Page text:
Like most great ape species in Africa, the gorilla is endangered in Africa and its habitat is threatened. The zoo of Amnéville in France wants to raise public awareness and proposes to recycle smartphones to help limit the influence of man on this species, notably in DR Congo. The country contains 80% of the reserves of Coltan, an ore used in their manufacture.
According to the World Organization for the Protection of the Environment (Ompe), “all gorilla species are endangered” in the world and more particularly in Africa. This progressive extinction is due to two factors: poaching, particularly in Central Africa, and the reduction of their living space because of human activity.
The zoo of Amnéville in Moselle (north-east of France) has become aware of the situation and wants to help this species. To achieve this goal, he will recycle smartphones. Smartphone users are constantly growing and many of these phones are in the garbage. These devices are manufactured at 80% with coltan, an ore which is extracted in the east of the Democratic Republic of Congo and Gabon. It is also in this region that a large gorilla population is concentrated. To extract coltan, hectares of forest are destroyed each year, reducing ape habitat.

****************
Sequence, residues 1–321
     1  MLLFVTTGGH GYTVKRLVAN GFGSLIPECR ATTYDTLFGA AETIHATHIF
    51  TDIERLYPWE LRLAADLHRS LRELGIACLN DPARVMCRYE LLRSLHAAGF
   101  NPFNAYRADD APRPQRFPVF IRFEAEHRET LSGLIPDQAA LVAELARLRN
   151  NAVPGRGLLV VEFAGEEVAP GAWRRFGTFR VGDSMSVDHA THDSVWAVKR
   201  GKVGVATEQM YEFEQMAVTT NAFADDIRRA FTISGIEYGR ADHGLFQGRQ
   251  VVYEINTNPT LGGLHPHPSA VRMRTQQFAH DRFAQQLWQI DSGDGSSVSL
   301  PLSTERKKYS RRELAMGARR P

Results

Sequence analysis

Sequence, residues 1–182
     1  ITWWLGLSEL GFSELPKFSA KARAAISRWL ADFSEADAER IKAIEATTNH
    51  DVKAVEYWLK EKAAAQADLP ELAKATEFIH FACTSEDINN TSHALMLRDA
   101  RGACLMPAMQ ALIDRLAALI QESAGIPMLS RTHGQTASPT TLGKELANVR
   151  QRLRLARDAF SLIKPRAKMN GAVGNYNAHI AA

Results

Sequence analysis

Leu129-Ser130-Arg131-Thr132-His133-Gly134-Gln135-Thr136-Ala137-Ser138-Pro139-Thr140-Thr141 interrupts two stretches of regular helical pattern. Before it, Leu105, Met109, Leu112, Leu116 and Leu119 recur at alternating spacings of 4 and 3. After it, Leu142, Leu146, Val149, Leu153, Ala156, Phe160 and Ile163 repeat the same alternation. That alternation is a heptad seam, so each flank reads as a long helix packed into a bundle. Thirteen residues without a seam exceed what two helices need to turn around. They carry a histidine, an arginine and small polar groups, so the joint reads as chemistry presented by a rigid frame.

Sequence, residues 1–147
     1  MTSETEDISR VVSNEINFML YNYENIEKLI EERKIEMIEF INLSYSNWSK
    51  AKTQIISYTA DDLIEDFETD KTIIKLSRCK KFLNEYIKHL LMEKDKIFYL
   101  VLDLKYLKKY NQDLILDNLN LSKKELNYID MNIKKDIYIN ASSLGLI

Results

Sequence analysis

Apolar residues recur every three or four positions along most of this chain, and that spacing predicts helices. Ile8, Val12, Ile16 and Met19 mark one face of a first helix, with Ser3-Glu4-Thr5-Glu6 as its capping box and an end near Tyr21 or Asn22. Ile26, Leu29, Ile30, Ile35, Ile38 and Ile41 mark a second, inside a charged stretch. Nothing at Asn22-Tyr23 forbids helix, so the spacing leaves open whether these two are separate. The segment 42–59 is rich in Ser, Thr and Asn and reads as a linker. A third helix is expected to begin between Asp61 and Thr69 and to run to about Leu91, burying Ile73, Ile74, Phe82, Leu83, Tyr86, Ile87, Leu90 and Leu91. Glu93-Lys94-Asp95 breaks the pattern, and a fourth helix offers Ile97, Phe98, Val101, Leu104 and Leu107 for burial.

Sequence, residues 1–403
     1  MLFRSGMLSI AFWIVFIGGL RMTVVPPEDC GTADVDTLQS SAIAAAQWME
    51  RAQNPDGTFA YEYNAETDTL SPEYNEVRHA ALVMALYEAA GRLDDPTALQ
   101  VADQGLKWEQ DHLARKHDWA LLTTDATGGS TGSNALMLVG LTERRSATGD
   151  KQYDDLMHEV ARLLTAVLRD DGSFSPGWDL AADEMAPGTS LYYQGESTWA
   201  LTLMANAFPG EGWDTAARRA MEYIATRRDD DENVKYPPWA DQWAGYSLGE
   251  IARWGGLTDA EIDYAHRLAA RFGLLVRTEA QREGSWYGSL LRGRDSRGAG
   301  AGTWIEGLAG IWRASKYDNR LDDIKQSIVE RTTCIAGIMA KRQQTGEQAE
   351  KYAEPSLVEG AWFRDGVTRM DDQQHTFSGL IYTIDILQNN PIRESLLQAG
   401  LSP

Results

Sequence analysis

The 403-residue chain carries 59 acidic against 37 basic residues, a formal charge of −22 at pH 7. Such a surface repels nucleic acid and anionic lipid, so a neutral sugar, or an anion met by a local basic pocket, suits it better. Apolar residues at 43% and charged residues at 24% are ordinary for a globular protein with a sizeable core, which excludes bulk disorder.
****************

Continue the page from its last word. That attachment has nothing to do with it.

Coltan (known industrially as tantalite), the product targeted in smarphone recycling
“Coltan is taken directly from the gorilla’s natural habitat, by cutting down the forests. He is thus deprived of home and is in danger of disappearing. So at the park we wondered what kind of awareness we could have for French visitors who don’t think about fighting African threats,” explains Marion Cabrol, zoo host at our colleague from France Bleu Lorraine Nord.
By this action, the zoo wants to get individuals to bring their old phones for recycling. The recovered equipment will be handed over to Lorraine Atelier, which will extract the coltan. The ore would then be reused, saving some of the ape habitat. The money raised will be used to raise awareness of gorilla extinction in Africa, and to support gorilla conservation sites.
Jean Marie Takouleu